855 908 4010

Pet Bucket Blog

August 2013

Pet Obsessions Part 2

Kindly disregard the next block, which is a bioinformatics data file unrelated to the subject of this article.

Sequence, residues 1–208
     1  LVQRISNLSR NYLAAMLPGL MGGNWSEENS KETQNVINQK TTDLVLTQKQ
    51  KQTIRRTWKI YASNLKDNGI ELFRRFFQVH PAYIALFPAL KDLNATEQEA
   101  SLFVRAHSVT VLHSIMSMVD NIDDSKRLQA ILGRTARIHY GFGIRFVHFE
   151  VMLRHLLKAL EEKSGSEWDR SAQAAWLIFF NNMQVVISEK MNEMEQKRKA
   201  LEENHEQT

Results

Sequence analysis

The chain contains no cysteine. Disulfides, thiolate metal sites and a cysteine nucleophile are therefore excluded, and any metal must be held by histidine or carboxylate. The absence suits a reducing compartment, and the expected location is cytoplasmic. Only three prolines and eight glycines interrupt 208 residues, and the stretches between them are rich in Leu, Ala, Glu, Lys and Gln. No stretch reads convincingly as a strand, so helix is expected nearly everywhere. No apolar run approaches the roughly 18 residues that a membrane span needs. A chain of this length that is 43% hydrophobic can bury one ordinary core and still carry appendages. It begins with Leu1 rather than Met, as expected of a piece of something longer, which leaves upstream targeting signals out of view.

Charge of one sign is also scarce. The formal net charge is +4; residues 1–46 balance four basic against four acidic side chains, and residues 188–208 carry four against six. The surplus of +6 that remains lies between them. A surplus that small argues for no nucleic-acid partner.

by zack on 22 Aug 2013 |
No Comment